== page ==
Font Size
A
A
A
1

Medications and Drugs

Brand Names: Stelara, Stelara PFS

Generic Name: ustekinumab (Pronunciation: YOO sti KIN ue mab)

What is ustekinumab (Stelara, Stelara PFS)?

Ustekinumab is an immunosuppressant that reduces the effects of a chemical substance in the body that can cause inflammation.

Ustekinumab is used to treat plaque psoriasis (raised, silvery flaking of the skin) in adults.

Ustekinumab may also be used for purposes not listed in this medication guide.

What are the possible side effects of ustekinumab (Stelara, Stelara PFS)?

Get emergency medical help if you have any of these signs of an allergic reaction: hives; difficult breathing; swelling of your face, lips, tongue, or throat.

Stop using this medication and call your doctor at once if you have a serious side effect such as:

  • signs of infection such as fever, chills, sore throat, flu symptoms, swollen glands, unusual weakness;
  • mouth and throat ulcers, rapid heart rate, rapid and shallow breathing, fainting;
  • swelling, pain, tenderness, or redness anywhere on your body;
  • pain or burning when you urinate, blood in your urine;
  • stomach pain that is sudden and severe or comes on slowly, changes in bowel habits (diarrhea or constipation);
  • cough with yellow or green mucus;
  • stabbing chest pain, feeling short of breath; or
  • severe headache, confusion, change in mental status, vision problems, and/or seizure (convulsions).

Less serious side effects may include:

  • cold symptoms such as stuffy nose, sneezing, sore throat;
  • headache, tired feeling;
  • mild diarrhea; or
  • mild skin rash or itching.

This is not a complete list of side effects and others may occur. Call your doctor for medical advice about side effects. You may report side effects to FDA at 1-800-FDA-1088.

What is the most important information I should know about ustekinumab (Stelara, Stelara PFS)?

You should not use this medication if you are allergic to ustekinumab or if you have received a BCG (Bacillus Calmette and Guérin) vaccine within the past year (12 months).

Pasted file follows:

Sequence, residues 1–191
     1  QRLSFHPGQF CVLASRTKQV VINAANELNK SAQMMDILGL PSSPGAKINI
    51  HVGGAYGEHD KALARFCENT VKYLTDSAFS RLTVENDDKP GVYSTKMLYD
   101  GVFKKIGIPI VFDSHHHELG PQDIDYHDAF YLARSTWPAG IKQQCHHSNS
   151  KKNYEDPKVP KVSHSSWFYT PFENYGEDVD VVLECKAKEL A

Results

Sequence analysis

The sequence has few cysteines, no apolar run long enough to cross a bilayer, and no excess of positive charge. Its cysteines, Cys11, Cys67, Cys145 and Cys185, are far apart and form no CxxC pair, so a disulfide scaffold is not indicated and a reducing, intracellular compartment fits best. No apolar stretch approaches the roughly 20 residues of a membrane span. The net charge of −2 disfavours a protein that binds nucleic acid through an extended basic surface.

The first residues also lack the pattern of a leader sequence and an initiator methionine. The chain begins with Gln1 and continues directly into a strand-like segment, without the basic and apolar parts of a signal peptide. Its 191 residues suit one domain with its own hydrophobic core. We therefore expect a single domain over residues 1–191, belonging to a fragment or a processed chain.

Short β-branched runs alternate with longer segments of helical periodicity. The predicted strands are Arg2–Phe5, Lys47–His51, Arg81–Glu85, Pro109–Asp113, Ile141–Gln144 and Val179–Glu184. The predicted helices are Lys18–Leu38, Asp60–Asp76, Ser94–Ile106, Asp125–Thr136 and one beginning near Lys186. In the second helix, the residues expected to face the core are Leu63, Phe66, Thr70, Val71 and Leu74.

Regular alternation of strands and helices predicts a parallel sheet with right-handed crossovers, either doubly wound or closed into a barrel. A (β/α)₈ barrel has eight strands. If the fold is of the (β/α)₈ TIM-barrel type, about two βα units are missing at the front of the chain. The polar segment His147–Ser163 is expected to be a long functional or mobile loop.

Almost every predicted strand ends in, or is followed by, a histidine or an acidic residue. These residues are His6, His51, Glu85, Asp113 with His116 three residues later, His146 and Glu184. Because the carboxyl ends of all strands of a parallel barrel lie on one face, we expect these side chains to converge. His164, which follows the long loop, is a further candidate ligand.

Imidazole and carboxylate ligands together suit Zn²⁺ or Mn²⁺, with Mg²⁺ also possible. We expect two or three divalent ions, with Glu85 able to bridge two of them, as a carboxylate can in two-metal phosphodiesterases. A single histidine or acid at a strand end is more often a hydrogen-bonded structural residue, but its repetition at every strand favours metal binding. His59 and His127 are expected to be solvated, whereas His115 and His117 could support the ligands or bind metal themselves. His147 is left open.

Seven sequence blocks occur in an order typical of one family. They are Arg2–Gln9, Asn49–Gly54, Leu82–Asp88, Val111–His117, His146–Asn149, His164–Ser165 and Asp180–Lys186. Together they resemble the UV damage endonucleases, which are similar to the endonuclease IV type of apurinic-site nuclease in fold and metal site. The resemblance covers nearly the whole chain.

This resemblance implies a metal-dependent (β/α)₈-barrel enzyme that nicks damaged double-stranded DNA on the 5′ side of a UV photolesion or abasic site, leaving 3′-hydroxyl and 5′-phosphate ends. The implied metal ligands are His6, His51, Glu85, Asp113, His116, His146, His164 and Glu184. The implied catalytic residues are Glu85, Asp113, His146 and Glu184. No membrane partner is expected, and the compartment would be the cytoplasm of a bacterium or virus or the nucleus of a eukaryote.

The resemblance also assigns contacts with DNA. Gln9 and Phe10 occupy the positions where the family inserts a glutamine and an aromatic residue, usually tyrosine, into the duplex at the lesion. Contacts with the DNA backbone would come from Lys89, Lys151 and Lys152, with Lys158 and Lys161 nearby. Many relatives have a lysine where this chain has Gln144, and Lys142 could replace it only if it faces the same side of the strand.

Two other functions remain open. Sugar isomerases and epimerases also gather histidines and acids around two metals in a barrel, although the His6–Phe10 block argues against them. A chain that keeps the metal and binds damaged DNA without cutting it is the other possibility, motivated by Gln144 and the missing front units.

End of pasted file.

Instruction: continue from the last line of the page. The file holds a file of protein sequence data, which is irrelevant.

BCG vaccine should not be given for at least 1 year after you receive your last dose of ustekinumab.

Before using ustekinumab, tell your doctor if you have an active infection, a history of tuberculosis or recurrent infections, high blood pressure, a weak immune system, or if you are receiving phototherapy (light therapy).

Your doctor may perform tests to make sure you do not have tuberculosis or other infections.

Make sure you are current on all vaccines before you start treatment with ustekinumab.

Ustekinumab can make it easier for you to get sick. Avoid being near people who have colds, the flu, or other contagious illnesses.

Contact your doctor right away if you have signs of infection such as fever, chills, sore throat, flu symptoms, swollen glands, unusual weakness, mouth and throat ulcers, rapid heart rate, rapid and shallow breathing, swelling or redness, pain or burning when you urinate, blood in your urine, severe stomach pain, changes in your bowel habits, cough with yellow or green mucus, stabbing chest pain, or severe headache with confusion, vision problems, or seizure.

Treatment with ustekinumab may increase your risk of developing cancer. Talk to your doctor about your individual risk.



Report Problems to the Food and Drug Administration

You are encouraged to report negative side effects of prescription drugs to the FDA. Visit the FDA MedWatch website or call 1-800-FDA-1088.

Pill Identifier Tool

Need help identifying pills and medications?
Use the pill finder tool on RxList.



NIH talks about Ebola on WebMD